8. 5 out of 5

    Tim Loup

    This was so unique and so beautiful. I haven’t read anything else like it; I don’t really even know what to call it. Not a memoir; a collection of philosophical musings and memories? Whatever it is, it’s really insightful, really thought-provoking, full of moments that made me sit back and stare into space for a minute and just say “huh.” Great. Highly recommended.

  9. 5 out of 5

    Stephanie Popp

    This book is about a lot of things, but the most touching part is about the author's childhood sexual abuse and her journey towards healing. I really enjoyed it and love the author's short and succinct writing style. This book is about a lot of things, but the most touching part is about the author's childhood sexual abuse and her journey towards healing. I really enjoyed it and love the author's short and succinct writing style.

  10. 5 out of 5

    Pablo Gazzaneo

    At times, I could not help thinking that was exactly like watching a giant metal puppy repeatedly jumping onto a pile of giant metal pillows

  11. 5 out of 5

    Owen

    i loved this. her brain works in a way that i can really understand. it reminds me a little of miranda july's brain (as seen through her short stories and her audio recordings) in that it radically free associates and has an awesome command of metaphor and oddness. it feels a bit like reading a blog, but that doesn't take away from the reading experience. the new form is actually kind of nice. from monster trucks to the beastie boys to surviving sexual abuse, she shows you a whole new world in the i loved this. her brain works in a way that i can really understand. it reminds me a little of miranda july's brain (as seen through her short stories and her audio recordings) in that it radically free associates and has an awesome command of metaphor and oddness. it feels a bit like reading a blog, but that doesn't take away from the reading experience. the new form is actually kind of nice. from monster trucks to the beastie boys to surviving sexual abuse, she shows you a whole new world in the things you thought you had pinned down. and it is beautiful and funny.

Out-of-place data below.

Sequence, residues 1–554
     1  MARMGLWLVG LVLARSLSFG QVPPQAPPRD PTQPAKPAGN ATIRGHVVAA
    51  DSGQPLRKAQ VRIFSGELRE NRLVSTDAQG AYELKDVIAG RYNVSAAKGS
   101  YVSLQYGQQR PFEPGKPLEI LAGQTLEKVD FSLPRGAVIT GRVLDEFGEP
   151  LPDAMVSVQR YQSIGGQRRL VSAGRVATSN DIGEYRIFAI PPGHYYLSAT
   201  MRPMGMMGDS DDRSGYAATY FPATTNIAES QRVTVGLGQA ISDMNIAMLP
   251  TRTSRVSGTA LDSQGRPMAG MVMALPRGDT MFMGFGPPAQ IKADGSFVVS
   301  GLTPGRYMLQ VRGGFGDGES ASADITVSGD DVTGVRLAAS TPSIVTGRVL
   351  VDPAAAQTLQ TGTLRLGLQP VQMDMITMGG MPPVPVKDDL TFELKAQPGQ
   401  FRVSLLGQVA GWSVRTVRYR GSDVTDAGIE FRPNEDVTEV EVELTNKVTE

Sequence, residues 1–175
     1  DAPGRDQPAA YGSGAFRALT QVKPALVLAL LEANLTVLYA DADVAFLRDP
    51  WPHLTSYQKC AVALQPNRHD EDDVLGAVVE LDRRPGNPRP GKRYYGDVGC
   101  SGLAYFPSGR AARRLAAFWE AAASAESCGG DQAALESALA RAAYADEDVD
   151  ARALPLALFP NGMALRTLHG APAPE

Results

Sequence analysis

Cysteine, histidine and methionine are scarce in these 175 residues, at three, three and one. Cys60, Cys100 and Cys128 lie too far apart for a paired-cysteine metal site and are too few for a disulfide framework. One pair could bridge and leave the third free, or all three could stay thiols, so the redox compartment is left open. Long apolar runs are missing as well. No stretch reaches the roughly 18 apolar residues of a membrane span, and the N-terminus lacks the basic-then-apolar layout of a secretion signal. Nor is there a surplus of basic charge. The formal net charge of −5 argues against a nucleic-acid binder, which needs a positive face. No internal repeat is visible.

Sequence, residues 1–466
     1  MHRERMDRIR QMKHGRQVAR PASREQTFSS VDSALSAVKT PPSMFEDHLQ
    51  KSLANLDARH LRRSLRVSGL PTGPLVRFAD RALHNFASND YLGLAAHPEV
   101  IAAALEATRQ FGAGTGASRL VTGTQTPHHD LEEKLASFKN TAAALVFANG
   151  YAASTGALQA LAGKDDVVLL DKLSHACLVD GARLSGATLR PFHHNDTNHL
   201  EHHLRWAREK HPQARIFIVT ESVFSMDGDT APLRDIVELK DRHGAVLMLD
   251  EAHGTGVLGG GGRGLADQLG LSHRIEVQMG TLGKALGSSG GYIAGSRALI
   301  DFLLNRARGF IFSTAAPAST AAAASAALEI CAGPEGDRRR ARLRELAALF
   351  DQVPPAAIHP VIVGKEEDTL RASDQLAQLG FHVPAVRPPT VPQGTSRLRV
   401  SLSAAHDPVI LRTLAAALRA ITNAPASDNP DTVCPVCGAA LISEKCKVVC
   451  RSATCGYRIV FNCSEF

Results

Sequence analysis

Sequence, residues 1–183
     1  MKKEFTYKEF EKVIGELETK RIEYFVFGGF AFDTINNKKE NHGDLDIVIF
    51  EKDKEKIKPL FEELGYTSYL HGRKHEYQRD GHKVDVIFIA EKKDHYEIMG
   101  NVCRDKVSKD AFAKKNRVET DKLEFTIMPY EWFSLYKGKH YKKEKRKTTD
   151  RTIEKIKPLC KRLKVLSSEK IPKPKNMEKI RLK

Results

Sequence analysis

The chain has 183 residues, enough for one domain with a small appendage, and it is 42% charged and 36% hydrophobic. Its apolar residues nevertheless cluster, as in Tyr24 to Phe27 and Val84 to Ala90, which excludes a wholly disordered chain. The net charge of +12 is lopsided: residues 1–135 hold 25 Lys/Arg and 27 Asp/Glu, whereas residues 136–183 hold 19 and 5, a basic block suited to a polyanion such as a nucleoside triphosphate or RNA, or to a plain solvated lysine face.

12. 4 out of 5

    Powells.com

    I am not usually interested in memoirs. They normally tend towards narcissism and inflated self-importance; however, Amy Fusselman's was written with careful attention to the beautiful, collective experiences of which life is composed. She also touches on a childhood trauma that she has since overcome (though still affects her), yet it is never the focal point of the memoir. Rather, it serves to emphasize universal feelings and fears we all have realized at some point. She also integrates themes I am not usually interested in memoirs. They normally tend towards narcissism and inflated self-importance; however, Amy Fusselman's was written with careful attention to the beautiful, collective experiences of which life is composed. She also touches on a childhood trauma that she has since overcome (though still affects her), yet it is never the focal point of the memoir. Rather, it serves to emphasize universal feelings and fears we all have realized at some point. She also integrates themes of parenting, self-expression, and the significance of life. Recommended by Jamie, Powells.com